Thomas Cranmer by Gerlach Flicke

What you see above is the portrait of Thomas Cranmer, Archbishop of Canterbury, painted in 1545 by Gerlach Flicke. It’s now in the National Portrait Gallery in London. 

My friend Betsy Childs was recently looking at this picture and noticed something curious: tiny pieces of broken glass, or perhaps chipped glass-coating, in the windows behind Cranmer. Here’s a close-up: 


(You can see a high resolution version of the painting here.) Now, this painting is a very detailed one. For instance, Cranmer is holding a copy of the letters of St. Paul and one of the books on the table is Augustine’s On Faith and Works, which together illustrate Cranmer’s commitment to the core Reformation principle of justification by faith. Other elements of the painting have obviously been executed with great care but yield no clear meaning. For instance, what are we to make of the carving on the left — right next to the little strip of paper giving the date of the painting and Cranmer’s age — featuring a naked woman whose private parts are obscured by the face of some strange beast? (The Whore of Babylon, perhaps, against whom Cranmer contended? But why in a carving, and why there?) 

But what might the broken or chipped glass mean? Betsy wondered if I knew, and I don’t have even a guess. I checked Diarmaid MacCulloch’s magisterial biography of Cranmer, and while he discusses this painting at some length (pages 338-42), he doesn’t say anything about the glass. 

So Betsy wrote to the National Portrait Gallery. One of the curators there responded that the problematic glass was only discovered when the painting underwent restoration in the 1990s, and that it is definitely part of the original composition — but they don’t know what it means either. “Artists and patrons at this time had a very refined symbolic vocabulary, much of which has been lost to modern scholars. The painting is laden with Cranmer’s personal iconography and this device could relate to that. Alternatively, there might be an as-yet undiscovered theological interpretation, or a reference to Cranmer’s own works.” 

So: a mystery! Anyone have any guesses? 


  1. Upon inspection of the high resolution image, the "glass" looks like the paint it's made of — glass doesn't crack in so many curves, does it? The top chip especially: looks like more "glass" is destined to flake off.

    "For now we see through a glass, darkly."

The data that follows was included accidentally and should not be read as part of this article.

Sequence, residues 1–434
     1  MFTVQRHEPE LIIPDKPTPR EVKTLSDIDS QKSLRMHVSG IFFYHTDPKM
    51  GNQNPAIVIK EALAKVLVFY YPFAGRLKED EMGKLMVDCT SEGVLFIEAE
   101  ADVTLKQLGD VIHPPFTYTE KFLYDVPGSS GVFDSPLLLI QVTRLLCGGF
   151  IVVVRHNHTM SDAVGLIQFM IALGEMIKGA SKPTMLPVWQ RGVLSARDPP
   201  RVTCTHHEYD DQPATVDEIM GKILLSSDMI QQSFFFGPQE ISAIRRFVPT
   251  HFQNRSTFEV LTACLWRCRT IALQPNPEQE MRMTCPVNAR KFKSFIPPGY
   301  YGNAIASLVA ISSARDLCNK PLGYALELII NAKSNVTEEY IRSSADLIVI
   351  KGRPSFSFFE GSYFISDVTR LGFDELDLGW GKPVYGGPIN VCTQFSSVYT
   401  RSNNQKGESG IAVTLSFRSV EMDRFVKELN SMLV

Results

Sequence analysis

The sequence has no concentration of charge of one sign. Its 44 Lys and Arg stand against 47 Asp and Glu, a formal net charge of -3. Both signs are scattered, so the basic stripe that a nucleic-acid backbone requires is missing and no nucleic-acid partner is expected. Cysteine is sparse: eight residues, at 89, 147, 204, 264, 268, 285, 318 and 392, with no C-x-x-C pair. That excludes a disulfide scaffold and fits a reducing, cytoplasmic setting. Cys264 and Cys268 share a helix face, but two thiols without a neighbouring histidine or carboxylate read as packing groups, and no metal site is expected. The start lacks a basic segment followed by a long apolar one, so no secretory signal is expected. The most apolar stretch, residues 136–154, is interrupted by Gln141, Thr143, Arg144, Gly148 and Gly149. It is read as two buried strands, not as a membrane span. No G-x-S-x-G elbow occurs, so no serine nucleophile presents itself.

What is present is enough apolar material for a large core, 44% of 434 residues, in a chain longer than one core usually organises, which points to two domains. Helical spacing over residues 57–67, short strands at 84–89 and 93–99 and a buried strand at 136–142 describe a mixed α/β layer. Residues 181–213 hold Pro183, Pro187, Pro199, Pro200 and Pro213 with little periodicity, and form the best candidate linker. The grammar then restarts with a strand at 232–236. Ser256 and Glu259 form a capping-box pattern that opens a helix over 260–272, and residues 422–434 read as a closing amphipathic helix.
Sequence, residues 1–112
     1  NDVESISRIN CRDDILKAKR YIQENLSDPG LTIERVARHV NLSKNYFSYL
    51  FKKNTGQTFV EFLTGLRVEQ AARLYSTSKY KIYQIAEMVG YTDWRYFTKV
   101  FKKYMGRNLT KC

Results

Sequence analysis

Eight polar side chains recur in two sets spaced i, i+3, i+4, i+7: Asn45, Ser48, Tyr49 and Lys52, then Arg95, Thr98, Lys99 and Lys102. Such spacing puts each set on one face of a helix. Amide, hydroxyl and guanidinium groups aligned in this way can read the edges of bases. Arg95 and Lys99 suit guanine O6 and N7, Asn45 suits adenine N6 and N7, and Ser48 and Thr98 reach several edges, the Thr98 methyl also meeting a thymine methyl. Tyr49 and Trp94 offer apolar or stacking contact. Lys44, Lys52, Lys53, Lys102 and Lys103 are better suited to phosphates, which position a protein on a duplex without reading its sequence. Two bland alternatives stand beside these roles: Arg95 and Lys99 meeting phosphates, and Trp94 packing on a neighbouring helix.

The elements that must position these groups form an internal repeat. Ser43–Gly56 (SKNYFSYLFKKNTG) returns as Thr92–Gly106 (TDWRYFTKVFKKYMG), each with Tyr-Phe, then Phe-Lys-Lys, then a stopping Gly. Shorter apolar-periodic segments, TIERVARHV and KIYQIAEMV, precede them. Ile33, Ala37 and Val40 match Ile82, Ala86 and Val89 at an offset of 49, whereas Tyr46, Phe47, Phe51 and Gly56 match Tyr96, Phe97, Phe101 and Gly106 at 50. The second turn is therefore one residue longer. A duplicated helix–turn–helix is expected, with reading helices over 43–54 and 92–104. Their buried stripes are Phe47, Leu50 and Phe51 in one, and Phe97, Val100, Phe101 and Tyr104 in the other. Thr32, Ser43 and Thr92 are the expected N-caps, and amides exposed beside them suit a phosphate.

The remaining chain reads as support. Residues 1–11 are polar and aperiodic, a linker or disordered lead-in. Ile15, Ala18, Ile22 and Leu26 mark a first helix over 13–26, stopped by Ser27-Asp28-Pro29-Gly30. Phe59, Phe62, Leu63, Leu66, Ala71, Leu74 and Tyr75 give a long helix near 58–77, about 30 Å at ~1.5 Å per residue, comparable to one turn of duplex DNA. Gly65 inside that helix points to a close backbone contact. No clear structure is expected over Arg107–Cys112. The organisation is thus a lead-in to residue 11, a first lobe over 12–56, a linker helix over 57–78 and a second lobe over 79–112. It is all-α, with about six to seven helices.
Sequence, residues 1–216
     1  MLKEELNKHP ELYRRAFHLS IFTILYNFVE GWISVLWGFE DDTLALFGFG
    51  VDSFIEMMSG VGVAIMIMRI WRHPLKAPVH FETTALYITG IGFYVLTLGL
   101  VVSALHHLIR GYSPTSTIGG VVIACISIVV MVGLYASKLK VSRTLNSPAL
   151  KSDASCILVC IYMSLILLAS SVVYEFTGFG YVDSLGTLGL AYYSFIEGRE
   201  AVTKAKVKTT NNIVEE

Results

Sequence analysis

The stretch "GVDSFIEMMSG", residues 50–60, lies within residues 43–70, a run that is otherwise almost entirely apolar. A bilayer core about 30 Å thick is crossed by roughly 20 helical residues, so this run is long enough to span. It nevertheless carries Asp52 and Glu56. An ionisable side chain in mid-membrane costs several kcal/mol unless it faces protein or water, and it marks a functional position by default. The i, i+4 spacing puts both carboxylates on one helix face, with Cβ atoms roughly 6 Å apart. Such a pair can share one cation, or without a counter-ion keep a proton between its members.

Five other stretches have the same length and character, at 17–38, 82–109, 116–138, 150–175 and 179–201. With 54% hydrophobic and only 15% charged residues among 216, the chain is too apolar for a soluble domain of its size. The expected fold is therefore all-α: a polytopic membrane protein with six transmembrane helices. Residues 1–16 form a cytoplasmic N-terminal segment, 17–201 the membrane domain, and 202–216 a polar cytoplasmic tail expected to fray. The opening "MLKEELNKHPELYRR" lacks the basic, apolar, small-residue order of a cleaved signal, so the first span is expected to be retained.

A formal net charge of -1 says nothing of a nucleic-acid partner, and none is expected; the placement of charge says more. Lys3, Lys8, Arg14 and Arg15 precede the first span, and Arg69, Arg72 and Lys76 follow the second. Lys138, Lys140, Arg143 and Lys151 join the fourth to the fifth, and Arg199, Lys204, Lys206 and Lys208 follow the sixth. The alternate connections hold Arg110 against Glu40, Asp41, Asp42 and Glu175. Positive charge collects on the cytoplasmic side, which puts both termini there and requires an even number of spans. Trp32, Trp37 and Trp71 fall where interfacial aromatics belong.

2. Yes, John McVey, it does look like chipping paint, but the restorationists are convinced that the broken windows are part of the original. Kate Walter of the NPG wrote to me, "The artist painted the sky which appears through the holes with expensive ultramarine pigment, unlike the rest of the sky seen through the glass, for which he used more common azurite."

  3. Thanks Betsy. My wild speculation is that it was painted to look like chipped paint! I wonder also, about the dark thin borders between "glass" and "chip" — what is going on there? Murky skies, for sure!

  4. This sounds more like a question for an art historian…(I would email John Walford)
    But let me venture a direction to investigate. The painting was made in 1545-46, just before Edward VI’s Injunctions of 1547 against, among other things, images—including stained glass windows. Another attempt had been made earlier in 1538 by Henry VIII (both largely failed). My guess is that Cranmer had been advocating for this reform for some time, and used young Edward’s ascendency to the throne to his advantage. Perhaps this painting feature is subtle reference to this campaign. My main objection is that I would expect an image to be broken, not merely a window—thus subtlety.
    It would be ironic if this bit of (as the National Portrait Gallery has suggested) “personal iconography” related to iconoclasm!

  5. I can't solve the mystery, but the cracked, fragile glass in the first stanza of George Herbert's poem, The Windows, comes to mind…

    LORD, how can man preach thy eternall word ?
    He is a brittle crazie glasse :
    Yet in thy temple thou dost him afford
    This glorious and transcendent place,
    To be a window, through thy grace.

  6. I think Jake is on the right trail. Reformation and iconoclasm – letting pure light of truth through the (Roman – and pagan – ) stained windows.

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